“Do you write to music?” “Do you have a soundtrack in your head as you plot out each scene?”
Writers and artists get asked this from time to time. I suspect every one of us would have different answers if there were enough different answers to go around. Sometimes I do, sometimes I don’t. For what it’s worth (about nothing at all), I wrote this piece to a soundtrack of The Boxer Rebellion. Not because it’s ‘mood music’ or somehow putting me in the right headspace for what I’m saying here, but because… well, because I like them.
Truth is, what I listen to and whether I listen to anything at all depends on where and when I’m writing. Sometimes, music and headphones are a good way to block out background noises. A good playlist can help me with certain scenes (action scenes in particular). I prefer to listen to music without headphones and there’s only so much my family are prepared to tolerate. All these things are factors.
What I do often have are theme songs for characters. For the most part, these are emergent properties: a moment of realisation that a particular song resonates with a particular character. Once that clicks into place, the song informs the character and becomes an anchor for them. If they seem to be wandering off-script, it helps remind me who that character really is. I’m sure there are other writers/artists who’ll relate to this, and just as many others who’ll think I’m utterly mad.
Zafir, from the Memory of Flames series, had Ruiner by Nine Inch Nails, but it was only in writing Dragon Queen (the fourth book in which she appears) that I realised that this was her song, and that Tool’s The Grudge belonged not to her but to the dragons.
The Moonsteel Crown (due to be published by Angry Robot in February), revolves around four characters who are all stuck in places they don’t want to be, either victims of circumstance or of their own actions. Their songs came early…
There’s Fings, the burglar, who just can’t help himself when it comes to relieving other people of their property. If you asked Fings to pick his favourite piece of music, he’d probably go for something with a bit of strut and funk to it. He’s good at what he does and he knows it. It’s not his fault that all the money he steals ends up slipping through his fingers like sand, right? Obviously he needed that lucky charm made of old bones and string. Worth every coin, it was, right? With Fings, what you see is what you get, and what you get is powerhouse of turning other people’s money into useless trinkets. Fing’s song is Superstition by Stevie Wonder. I think he’d like it, although he’d complain bitterly that his lucky charms work, thanks.
Orien is another what-you-see-is-what-you-get character: an ambitious fire-mage who can’t seem to set anything alight except himself, who nevertheless has glorious plans, somewhat let down by the gap between how great he thinks he is and how great he actually is. Orien professes to like Indie music but is secretly into eighties hair-metal. Orien’s song is Judas Priest’s Turbo Lover. Orien’s problem is that he thinks he’s getting this unironically.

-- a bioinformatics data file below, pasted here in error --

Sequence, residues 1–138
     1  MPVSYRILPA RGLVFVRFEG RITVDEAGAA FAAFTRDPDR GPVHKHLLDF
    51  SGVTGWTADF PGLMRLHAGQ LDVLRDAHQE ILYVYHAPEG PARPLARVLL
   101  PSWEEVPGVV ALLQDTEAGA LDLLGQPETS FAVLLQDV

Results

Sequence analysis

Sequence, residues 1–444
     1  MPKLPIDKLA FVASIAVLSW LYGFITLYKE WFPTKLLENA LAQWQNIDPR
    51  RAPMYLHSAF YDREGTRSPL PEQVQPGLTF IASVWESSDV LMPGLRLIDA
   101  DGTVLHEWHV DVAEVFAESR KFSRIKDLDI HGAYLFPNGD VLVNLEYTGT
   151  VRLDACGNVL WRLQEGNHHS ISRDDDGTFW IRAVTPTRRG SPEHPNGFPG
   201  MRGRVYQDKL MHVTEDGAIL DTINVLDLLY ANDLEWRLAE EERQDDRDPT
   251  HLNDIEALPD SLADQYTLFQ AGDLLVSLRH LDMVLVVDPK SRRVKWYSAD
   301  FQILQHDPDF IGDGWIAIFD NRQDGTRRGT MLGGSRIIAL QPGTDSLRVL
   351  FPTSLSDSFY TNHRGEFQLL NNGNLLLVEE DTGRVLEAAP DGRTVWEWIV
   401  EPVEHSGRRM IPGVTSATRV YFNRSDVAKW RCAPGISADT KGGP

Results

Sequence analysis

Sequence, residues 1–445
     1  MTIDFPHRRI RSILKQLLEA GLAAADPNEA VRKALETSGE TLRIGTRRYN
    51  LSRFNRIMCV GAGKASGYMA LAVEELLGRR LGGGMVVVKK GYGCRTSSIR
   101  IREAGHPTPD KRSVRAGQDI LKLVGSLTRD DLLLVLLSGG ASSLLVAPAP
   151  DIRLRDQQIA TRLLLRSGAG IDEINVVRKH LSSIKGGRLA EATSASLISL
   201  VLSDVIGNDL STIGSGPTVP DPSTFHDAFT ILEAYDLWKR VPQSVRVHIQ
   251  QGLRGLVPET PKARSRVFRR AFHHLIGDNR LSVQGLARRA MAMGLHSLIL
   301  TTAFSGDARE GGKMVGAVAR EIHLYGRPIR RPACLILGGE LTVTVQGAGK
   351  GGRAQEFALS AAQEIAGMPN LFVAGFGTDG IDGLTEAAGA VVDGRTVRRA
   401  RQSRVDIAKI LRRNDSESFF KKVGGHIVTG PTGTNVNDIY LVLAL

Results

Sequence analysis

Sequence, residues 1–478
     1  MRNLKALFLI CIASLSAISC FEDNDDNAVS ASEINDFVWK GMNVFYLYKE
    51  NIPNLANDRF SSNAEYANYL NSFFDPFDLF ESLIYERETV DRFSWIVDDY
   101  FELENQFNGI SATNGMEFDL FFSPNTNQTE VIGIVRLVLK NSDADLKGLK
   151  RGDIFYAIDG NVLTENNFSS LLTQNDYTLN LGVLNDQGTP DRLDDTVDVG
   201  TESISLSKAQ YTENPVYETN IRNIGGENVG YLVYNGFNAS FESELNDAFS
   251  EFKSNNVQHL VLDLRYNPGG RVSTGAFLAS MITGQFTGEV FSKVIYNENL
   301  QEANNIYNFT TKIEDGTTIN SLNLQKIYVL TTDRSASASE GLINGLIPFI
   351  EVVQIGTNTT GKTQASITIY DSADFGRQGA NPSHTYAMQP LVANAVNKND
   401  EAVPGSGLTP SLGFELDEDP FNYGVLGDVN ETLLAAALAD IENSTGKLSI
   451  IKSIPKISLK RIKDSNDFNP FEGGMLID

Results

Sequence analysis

Seth, the would-be priest, kicked out of his order for repeatedly treating the word ‘forbidden’ as a challenge rather than a proscription, would tell you he’s into Bach and Shostakovitch and a few names that are supposed to make you think he’s educated and intellectual but only make him sound pretentious. He’ll never admit it and you’d never catch him at it either, but when he puts the headphones on, that ‘obscure Nineteenth century opera classics’ playlist he’s racked up on Spotify is actually full of Linkin Park’s Lies, Greed, Misery and Slipknot’s Unsainted and other angry shouty metal (Seth and Zafir would understand one another, if the could be bothered to try and managed not to kill each other first… but I get ahead of myself). Yes, Seth has a whole bunch of angry self-hate songs for when he’s in a righteous mood. But deep down, Seth’s real song Depeche Mode’s Never Let Me Down Again. Is he talking about himself? Fings? The world? Probably all of the above.
Last but very definitely not least, there’s Myla, the sword-monk with a fondness for drink, on the run for letting her temper get the better of her and maiming someone, and The Moonsteel Crown’s chief protagonist. Myla, Myla, Myla. Of all the characters here, Myla’s song landed first and stuck hard and fast. Myla, whose taste in music is any talented folk guitarist who happens to be playing in the local tavern and has an alcohol problem, gets Tool’s Pneuma. Even now, I’m not entirely sure why this is specifically her song, but the song itself is quite certain. Because it’s complicated and difficult and builds slowly and is utterly relentless when it finally hits its stride? Because it manages to combine a sense of spirituality and of staring off into the horizon even while it’s punching you in the face? Probably that. Probably some other things too. Probably because there are sides to both Myla and her song that I haven’t discovered yet. Music and writing are like that. Both are alchemies: three parts craft, one part sorcery.
There’s another character in The Moonsteel Crown who has a song. They’ve had it for a very long time and they’ve appeared in at least one previous novel of mine. The song is Touch of Evil by Warlock. It’s not a great song, but that’s just the way this works. The first person to find me on Twitter, tell me who the character is and where they appeared before wins a free copy of The Book of Endings (the sequel to The Moonsteel Crown) once it’s out or (if you prefer), a signed copy of The Moonsteel Crown with a unique doodle of Fings, Myla and Seth arguing about pointless shit.
The Moonsteel Crown by Stephen Deas is out now from Angry Robot.